The PRISM Board organized a multi-institutional group to march in New York City Pride on June 24 under the banner of the national organization Out in Science, Technology, Engineering, and Mathematics (oSTEM). We hosted approximately 60 LGBTQ+ and allied scientists from 17 institutions—academic, industrial, nonprofit, educational—who marched in Manhattan south on 7th Avenue through Greenwich Village and then north on 5th Avenue, join ~450 other LGBTQ+ organizations, major corporations, politicians, and media figures. Our contingent was one of a very few STEM-related groups in the march.
We marched to celebrate the openness we enjoy that was won by older generations, but also to protest the continued lack of equal treatment of LGBTQ+ scientists. Although studies have demonstrated that LGBTQ+ individuals leave STEM majors at a greater rate, and that LGBTQ+ scientists report discrimination in the workplace, they are not recognized as an underrepresented group by any major funding agency—a designation that could mitigate some of these disadvantages. Transgender scientists in particular face especially high levels of discrimination and encounter major institutional bureaucratic hurdles while transitioning and even years later.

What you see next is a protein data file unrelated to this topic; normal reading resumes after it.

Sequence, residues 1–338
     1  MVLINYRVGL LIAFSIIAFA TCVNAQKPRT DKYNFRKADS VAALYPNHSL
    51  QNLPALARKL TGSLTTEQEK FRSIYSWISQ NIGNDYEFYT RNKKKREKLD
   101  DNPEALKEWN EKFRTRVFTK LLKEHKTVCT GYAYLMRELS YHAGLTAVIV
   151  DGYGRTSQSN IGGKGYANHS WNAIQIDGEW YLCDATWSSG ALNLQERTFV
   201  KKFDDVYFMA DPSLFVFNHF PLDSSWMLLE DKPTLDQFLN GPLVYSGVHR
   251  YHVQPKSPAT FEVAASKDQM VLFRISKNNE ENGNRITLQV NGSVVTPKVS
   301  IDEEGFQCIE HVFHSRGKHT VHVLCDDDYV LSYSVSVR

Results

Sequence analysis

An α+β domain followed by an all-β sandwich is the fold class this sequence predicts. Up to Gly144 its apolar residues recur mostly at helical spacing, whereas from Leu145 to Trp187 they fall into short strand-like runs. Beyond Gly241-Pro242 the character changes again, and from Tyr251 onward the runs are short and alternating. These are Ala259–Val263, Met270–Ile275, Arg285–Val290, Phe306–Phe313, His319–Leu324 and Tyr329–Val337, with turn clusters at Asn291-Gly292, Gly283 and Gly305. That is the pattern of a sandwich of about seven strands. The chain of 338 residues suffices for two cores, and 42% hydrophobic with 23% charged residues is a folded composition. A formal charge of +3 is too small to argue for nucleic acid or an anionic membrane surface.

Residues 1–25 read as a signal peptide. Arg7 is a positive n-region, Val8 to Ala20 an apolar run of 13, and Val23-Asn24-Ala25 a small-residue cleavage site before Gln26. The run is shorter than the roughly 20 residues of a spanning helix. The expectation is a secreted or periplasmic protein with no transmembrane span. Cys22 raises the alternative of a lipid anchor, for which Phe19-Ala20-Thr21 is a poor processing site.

Our group was comprised of people from different ethnic and socioeconomic backgrounds, many countries of origin, and a broad spectrum of LGBTQ+ identities, underscoring the diversity we envision for the future of the scientific workforce. We hope that, by marching, we have inspired others to live authentic, open lives as scientists and to realize they are not alone. We also hoped to raise awareness to the march’s spectators that LGBTQ+ people are an important part of the scientific workforce. Throughout the march, we heard onlookers exclaim, “Wow, scientists!” underscoring how infrequently the public seems to interact with STEM professionals.